According to research recently presented at a patient experience summit, visual biofeedback may be a key player in effective patient repositioning. The study, titled “Enhancing Patient Experience by Optimizing Patient Repositioning through Biofeedback,” was presented at the 4th Annual Cleveland Clinic Patient Experience: Empathy and Innovation Summit. The event was held in Cleveland, May 19 to 21.
The study’s results suggest that the use of Wellsense’s M.A.P assisted in significantly lowering peak pressure when caregivers used the visual aid of the M.A.P to reposition patients. Researchers note that the ultimate aim of the study centered on providing caregivers and patients visual feedback in locating where pressure exists between the patient and the support system using M.A.P.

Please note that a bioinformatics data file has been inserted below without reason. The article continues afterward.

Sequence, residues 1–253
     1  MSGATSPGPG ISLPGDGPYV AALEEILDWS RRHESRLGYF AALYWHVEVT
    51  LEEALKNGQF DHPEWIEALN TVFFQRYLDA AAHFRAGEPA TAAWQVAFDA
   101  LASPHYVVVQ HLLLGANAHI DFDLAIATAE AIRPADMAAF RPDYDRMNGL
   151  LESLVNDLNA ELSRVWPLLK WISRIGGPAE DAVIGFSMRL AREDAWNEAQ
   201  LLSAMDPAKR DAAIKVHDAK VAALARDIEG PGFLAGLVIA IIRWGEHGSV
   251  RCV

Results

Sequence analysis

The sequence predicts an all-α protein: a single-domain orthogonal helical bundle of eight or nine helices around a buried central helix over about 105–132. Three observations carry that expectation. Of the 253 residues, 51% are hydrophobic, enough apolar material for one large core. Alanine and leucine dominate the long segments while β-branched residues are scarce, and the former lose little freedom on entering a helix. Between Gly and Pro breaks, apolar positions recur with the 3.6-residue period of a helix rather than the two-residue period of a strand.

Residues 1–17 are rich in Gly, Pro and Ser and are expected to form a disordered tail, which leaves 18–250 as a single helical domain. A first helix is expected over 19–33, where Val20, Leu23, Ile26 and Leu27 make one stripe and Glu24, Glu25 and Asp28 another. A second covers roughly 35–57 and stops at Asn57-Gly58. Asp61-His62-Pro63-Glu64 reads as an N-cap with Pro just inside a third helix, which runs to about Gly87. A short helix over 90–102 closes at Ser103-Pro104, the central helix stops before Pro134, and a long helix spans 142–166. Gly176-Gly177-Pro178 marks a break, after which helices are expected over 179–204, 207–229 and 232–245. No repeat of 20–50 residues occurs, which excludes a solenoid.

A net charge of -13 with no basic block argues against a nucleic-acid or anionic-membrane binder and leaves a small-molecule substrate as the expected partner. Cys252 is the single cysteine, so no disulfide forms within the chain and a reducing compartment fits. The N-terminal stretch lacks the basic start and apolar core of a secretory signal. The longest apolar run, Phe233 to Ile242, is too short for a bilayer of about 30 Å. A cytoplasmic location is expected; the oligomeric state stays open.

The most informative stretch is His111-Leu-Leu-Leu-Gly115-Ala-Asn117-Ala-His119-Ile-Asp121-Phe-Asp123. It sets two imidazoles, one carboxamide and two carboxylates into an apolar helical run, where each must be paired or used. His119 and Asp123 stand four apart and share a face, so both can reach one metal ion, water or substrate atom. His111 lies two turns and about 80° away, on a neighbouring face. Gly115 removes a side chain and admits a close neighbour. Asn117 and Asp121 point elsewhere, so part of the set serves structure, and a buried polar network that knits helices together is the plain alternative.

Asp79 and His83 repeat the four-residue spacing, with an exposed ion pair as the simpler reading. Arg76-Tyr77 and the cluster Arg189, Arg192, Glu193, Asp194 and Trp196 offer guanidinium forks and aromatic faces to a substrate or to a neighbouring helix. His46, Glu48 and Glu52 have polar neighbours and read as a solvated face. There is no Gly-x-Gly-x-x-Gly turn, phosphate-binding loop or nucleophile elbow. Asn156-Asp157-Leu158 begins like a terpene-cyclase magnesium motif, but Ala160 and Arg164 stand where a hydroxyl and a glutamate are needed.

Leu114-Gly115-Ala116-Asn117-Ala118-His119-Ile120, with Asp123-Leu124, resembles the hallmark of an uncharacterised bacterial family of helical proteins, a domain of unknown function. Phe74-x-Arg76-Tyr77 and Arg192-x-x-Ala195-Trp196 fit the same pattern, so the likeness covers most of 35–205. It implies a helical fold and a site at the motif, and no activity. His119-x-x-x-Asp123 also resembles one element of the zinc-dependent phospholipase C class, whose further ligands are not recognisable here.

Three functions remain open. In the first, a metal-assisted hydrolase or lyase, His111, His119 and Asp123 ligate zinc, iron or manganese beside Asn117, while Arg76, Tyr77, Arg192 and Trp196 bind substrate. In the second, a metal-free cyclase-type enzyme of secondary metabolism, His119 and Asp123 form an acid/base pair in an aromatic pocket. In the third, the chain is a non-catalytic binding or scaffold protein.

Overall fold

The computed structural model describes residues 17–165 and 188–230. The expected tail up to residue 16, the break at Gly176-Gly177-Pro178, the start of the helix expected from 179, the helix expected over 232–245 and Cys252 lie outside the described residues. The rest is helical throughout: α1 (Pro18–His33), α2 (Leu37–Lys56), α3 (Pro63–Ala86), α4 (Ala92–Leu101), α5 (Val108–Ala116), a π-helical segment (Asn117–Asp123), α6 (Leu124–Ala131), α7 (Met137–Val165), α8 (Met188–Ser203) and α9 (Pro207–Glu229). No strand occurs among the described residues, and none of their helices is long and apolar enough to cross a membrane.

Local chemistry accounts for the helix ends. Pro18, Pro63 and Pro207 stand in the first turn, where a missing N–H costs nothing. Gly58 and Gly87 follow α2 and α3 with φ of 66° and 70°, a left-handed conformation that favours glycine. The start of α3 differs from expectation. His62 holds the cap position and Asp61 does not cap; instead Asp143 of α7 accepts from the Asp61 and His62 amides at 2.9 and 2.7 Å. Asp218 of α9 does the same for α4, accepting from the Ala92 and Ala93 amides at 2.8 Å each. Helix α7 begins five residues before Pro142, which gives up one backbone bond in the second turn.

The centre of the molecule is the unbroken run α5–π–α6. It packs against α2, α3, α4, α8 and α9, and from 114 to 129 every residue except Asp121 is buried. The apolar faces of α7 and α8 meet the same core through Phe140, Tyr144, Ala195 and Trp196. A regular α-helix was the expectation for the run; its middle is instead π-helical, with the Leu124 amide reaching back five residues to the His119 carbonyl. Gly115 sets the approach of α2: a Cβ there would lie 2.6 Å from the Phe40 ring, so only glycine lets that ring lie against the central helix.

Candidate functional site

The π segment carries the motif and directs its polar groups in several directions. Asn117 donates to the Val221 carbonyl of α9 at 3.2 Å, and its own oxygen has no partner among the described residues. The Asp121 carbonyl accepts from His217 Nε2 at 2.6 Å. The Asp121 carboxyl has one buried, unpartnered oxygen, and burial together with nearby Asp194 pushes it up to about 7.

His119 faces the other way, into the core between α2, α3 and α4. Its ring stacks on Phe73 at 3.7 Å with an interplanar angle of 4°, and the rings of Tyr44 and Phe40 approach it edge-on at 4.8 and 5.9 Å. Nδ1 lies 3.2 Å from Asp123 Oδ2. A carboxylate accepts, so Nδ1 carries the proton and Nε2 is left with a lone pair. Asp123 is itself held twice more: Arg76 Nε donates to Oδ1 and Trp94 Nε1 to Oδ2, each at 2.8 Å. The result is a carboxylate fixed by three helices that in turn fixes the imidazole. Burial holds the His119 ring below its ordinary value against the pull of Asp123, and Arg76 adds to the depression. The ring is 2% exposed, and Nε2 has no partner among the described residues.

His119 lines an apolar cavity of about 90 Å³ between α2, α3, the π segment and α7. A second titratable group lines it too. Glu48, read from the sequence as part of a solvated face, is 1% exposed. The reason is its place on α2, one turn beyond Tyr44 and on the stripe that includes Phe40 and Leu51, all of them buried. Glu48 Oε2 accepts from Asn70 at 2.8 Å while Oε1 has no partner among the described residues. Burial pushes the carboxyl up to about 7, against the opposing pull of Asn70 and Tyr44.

The M.A.P pressure-sensing mat is reportedly comprised of intelligent textiles designed to constantly measure pressure from thousands of discrete points. A news release notes that variations in pressure across a patient’s body are then depicted on a monitor, using a color scheme intended to assist caregivers in visualizing high (red) to low (blue) pressure points, allowing them to identify and minimize areas of high pressure.
The M.A.P is engineered to serve as a supportive tool, providing live, visual feedback as patients are repositioned. During the study, caregivers were asked to reposition the patient without visual aid, researchers say. Once the patient had been repositioned, caregivers were then shown images of where pressure still existed, and then readjusted to limit peak pressure.
Ronald G. Scott, MD, lead study author, director of wound care, North Dallas Long Term Acute Care Hospital, states, ‘”The use of visual feedback has a clear benefit to patient care and safety, as caregivers can be confident they are effectively repositioning patients to help prevent the occurrence of pressure ulcers.”